An apple a day plus $2,000 a year — for another year

About a year ago, I wrote about my wife’s decision to join a “concierge service” physician practice where you pay a couple thousand dollars a year to choose one of their doctors as your primary care physician.

Tara Courtland

Communications Director Tara Courtland

It was a difficult decision because that $2,000 a year doesn’t cover actual trips to the doctor — we still have to pay all of the normal insurance copays for office visits and treatment. The $2,000 is for the privilege of using the practice at all.

Last week it was time to decide whether to re-enroll for the coming year so we spent a few minutes considering whether it had been worth it in the previous year.

In the last year, the number of trips to the doctor has dropped dramatically because she doesn’t actually have to GO to the doctor. She calls him. She emails him. He answers his cell phone, gives advice over the phone, answers her questions, and sometimes even calls in prescriptions.

This is somewhat of a godsend for a minor hypochondriac with a limited amount of sick leave available for doctor’s appointments. She doesn’t need to go in for every single issue – 95 percent of them are resolved by hearing a doctor she trusts reassuring her over the phone that it’s fine, or calling in the medicine she needs, or just setting up a referral to a specialist.

A few weekends ago, for instance, she thought her fingernails looked funny. She was concerned that perhaps it was a sign of some type of infection or a critical problem with her internal organs.

She emailed him a picture on a Saturday afternoon and he wrote back within an hour to say that fingernails sometimes do funny things for no reason, but in looking at her chart, he saw that she’s due for her annual bloodwork soon anyway. He set her up an appointment to have bloodwork done on Monday and included some type of fingernail-assessment in the bloodwork request. Because it was just a blood draw, she didn’t need a copay for the visit. And miraculously, her splitting fingernails turned out not to be a sign of bubonic plague. So that was a relief.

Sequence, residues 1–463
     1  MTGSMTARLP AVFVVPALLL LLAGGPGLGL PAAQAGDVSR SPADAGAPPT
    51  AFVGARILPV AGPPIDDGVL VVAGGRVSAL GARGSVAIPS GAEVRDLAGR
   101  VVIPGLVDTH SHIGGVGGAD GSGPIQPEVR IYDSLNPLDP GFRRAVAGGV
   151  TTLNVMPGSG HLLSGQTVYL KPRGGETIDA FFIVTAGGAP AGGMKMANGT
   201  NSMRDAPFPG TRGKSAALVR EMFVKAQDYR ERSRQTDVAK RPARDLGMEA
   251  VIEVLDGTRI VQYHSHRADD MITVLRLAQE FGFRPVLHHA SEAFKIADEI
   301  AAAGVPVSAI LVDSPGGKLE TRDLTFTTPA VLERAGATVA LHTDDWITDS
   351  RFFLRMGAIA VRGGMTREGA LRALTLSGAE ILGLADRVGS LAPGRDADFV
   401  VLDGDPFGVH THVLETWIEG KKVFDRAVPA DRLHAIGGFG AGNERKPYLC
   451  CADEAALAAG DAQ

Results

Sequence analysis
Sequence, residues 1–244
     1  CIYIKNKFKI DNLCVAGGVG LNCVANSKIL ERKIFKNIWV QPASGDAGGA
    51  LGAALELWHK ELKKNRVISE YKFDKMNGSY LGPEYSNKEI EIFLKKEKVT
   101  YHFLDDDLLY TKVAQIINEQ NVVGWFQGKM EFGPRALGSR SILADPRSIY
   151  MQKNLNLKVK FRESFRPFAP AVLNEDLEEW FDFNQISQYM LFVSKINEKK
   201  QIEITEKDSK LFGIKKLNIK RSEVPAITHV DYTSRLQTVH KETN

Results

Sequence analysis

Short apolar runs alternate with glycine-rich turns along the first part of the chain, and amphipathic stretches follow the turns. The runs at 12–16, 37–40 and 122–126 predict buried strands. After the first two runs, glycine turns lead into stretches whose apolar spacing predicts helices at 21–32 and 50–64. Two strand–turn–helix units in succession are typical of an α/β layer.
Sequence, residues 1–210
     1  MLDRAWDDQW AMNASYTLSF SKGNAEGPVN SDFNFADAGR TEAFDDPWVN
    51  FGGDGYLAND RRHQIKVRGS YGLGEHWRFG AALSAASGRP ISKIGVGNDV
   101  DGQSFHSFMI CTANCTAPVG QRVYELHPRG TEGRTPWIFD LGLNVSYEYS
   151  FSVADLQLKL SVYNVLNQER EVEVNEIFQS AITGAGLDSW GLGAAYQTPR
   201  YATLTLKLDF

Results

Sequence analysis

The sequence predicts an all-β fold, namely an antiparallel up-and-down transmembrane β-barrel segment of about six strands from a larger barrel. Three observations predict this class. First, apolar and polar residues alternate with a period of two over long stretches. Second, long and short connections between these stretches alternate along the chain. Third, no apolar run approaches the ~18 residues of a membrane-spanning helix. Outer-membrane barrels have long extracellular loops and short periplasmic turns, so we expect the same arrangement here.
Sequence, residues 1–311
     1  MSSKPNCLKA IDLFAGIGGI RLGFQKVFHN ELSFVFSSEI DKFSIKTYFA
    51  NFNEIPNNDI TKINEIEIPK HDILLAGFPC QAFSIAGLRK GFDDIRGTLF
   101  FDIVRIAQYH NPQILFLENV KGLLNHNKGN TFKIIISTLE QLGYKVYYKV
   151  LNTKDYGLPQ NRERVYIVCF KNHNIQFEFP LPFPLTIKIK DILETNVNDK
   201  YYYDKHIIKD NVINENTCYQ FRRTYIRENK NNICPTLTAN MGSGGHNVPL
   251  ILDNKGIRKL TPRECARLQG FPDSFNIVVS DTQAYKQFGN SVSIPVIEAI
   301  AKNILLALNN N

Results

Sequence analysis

There have been a number of interactions like that over the course of the year. I don’t think we’ve saved $2,000 in copays, but the copays we haven’t had (from all the times she would otherwise have gone in to have something checked), combined with the amount of time she’d have had to take off work to do it have about evened it out. Adding to that her peace of mind from being able to talk to a doctor any time she wants … it ended up being an easy decision to renew for another year.

I remain troubled, however, by the need to do this. There are social and political ramifications that come from good doctors opting out of the general population to do high-end care only. And there are ramifications that come from the people who are smart and engaged and socially conscious making a decision to just throw money at their own personal medical problems, rather than demanding better care and better results from the healthcare system as a whole.

These things trouble me as a citizen and as a person who wants the entire healthcare system to be more affordable, more fair, more accessible and less burdensome on practitioners. On the other hand, I also like it when the answer to the question “My shoulder hurts. Do you think it could be cancer? Should I go to the ER just in case?” is “No. Email your doctor and then go back to sleep.”

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About Tara Courtland

Tara Courtland is the communications director at NEMT.
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